3 Critical Thinking Exercises

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If this is the first critical thinking exercise you have found, make sure, to begin with, the first exercise posted and continue to follow it sequentially. Remember, when we’re given chances to contemplate our thinking, we’re tapping into our metacognitive processes, which is the part of the brain where critical thinking is found.

The following exercises may help improve critical thinking.

Critical Thinking Exercise 1 

An ill-structured issue is a problem that has no final or correct solution. There could be multiple right solutions. There could be various wrong solutions. Consider an ill-structured issue that you have experienced in your recent past.

  • Think of your solution to this issue and identify three or more reasons you chose this one.
  • Did the solution work?
  • Were the reasons good enough to permit the application of your solution?
  • If it did not work, think about why it did not work out.

Critical Thinking Exercise 2

After a couple of days of thinking about your ideas from Activity 1, come back to it and re-think three other solutions that could’ve been applied.

  • Would they have worked?
  • If they had, would they have worked better than what you did?
  • If it is better, why is it better? Tell yourself why you did not apply any of these other alternatives.

Be sure to exemplify and consider all the solutions in terms of the results each one may suggest. Consider your reasoning and how you assessed your situation— potential solutions, the problem, and sub-problems.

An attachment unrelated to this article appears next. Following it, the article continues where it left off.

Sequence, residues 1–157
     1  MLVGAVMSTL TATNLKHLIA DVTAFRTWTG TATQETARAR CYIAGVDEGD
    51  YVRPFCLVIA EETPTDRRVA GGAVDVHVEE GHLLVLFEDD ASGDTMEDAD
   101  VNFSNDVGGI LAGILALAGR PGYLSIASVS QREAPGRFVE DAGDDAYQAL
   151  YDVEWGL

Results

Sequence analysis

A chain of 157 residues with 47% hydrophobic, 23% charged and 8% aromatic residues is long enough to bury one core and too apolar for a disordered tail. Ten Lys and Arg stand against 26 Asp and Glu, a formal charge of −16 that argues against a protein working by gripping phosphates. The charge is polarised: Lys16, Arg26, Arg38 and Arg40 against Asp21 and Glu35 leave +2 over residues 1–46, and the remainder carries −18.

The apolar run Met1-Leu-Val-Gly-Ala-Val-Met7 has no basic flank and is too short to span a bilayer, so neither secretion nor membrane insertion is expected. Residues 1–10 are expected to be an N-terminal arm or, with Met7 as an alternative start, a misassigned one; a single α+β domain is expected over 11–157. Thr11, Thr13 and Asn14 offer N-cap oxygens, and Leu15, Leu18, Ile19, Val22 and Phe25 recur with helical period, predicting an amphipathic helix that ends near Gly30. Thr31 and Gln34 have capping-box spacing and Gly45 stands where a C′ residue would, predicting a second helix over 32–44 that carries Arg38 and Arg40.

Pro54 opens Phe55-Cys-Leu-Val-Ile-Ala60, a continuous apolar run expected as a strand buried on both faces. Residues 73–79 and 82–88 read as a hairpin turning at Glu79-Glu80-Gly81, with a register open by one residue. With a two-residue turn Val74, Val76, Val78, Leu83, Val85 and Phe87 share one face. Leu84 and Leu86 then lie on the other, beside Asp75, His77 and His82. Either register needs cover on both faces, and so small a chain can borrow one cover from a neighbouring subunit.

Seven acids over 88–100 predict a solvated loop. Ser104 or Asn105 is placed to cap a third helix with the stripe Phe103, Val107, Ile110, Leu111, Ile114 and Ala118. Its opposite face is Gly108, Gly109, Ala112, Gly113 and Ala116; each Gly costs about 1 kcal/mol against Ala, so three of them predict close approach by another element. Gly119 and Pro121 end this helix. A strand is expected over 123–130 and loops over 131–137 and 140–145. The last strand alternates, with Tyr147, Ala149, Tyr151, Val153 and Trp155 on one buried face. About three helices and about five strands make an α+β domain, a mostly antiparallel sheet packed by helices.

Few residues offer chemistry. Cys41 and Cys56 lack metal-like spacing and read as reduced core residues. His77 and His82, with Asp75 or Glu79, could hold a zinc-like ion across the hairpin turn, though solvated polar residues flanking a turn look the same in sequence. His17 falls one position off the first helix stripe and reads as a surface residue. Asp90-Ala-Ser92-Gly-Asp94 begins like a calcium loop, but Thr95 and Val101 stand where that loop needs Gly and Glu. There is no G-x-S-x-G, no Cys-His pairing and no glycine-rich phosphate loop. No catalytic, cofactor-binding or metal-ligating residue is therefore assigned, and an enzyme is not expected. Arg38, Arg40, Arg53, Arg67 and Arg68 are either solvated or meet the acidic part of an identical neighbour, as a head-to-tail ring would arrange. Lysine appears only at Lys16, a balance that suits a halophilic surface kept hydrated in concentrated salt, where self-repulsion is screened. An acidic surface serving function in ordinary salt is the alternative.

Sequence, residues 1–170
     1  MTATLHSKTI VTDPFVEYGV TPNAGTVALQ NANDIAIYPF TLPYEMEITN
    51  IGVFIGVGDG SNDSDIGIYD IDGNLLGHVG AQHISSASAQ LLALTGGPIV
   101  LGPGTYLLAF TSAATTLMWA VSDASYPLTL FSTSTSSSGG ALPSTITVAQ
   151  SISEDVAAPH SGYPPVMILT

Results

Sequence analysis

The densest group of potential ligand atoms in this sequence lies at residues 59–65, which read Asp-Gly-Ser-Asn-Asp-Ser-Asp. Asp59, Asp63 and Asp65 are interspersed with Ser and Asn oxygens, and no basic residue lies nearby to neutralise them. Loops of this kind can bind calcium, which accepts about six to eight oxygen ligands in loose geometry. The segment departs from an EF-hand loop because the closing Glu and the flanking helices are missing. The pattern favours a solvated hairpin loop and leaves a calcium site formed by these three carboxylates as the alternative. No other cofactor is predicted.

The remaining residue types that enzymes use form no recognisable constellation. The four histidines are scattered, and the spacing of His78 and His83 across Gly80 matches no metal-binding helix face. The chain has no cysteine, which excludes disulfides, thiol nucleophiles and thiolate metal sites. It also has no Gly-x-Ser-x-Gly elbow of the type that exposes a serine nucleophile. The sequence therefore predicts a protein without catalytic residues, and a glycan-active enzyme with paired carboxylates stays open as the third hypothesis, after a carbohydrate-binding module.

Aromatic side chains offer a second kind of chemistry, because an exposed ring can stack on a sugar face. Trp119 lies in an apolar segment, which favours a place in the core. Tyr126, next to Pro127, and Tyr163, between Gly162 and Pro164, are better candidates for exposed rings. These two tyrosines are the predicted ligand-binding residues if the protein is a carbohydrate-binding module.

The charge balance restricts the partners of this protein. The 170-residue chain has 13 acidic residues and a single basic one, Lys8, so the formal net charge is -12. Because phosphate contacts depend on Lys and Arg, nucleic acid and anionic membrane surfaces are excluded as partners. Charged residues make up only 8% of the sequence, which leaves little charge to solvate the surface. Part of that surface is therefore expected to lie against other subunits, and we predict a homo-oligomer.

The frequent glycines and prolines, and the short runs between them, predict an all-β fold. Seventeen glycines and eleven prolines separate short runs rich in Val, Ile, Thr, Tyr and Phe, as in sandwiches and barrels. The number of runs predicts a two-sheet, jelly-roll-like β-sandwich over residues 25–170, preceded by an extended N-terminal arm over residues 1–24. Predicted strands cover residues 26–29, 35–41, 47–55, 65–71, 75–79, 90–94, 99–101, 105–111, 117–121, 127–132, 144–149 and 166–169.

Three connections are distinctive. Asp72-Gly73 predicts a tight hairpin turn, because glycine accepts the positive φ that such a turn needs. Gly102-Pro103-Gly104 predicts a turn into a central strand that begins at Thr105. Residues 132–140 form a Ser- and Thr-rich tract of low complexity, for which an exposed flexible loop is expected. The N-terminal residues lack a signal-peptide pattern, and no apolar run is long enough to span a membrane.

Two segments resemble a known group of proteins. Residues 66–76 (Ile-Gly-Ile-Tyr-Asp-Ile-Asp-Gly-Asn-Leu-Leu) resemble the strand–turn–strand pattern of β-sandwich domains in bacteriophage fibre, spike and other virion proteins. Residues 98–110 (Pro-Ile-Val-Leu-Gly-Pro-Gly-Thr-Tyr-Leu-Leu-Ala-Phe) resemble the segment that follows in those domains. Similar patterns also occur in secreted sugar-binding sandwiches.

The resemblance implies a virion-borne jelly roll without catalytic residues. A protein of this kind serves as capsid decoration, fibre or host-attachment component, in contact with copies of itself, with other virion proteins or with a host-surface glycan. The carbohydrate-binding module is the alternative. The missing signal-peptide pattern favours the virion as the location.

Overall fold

• Were there any biases regarding your problem-solving?

 Critical Thinking Exercise 3

In the first set of exercises, you were asked to think of things that you were supposed to be accurate, as well as a list you thought to be incorrect without having any research-based evidence.

You then asked yourself if there was anything to gain from continuing to think or disbelieve any of the things you had identified previously.

You are asked to consider beliefs as you reflect on the critical thinking exercise.

  • Was your mind changed about any of them?
  • If it was, what changed your mind?
  • Did you look for and find any objective scientific evidence?
  • If you didn’t, why did you not look for any evidence?
  • Did any biased play a role in your decision-making?

Be sure to engage in intellectual honesty within yourself throughout this reflection.

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Dean Mathers

Editor-in-chief

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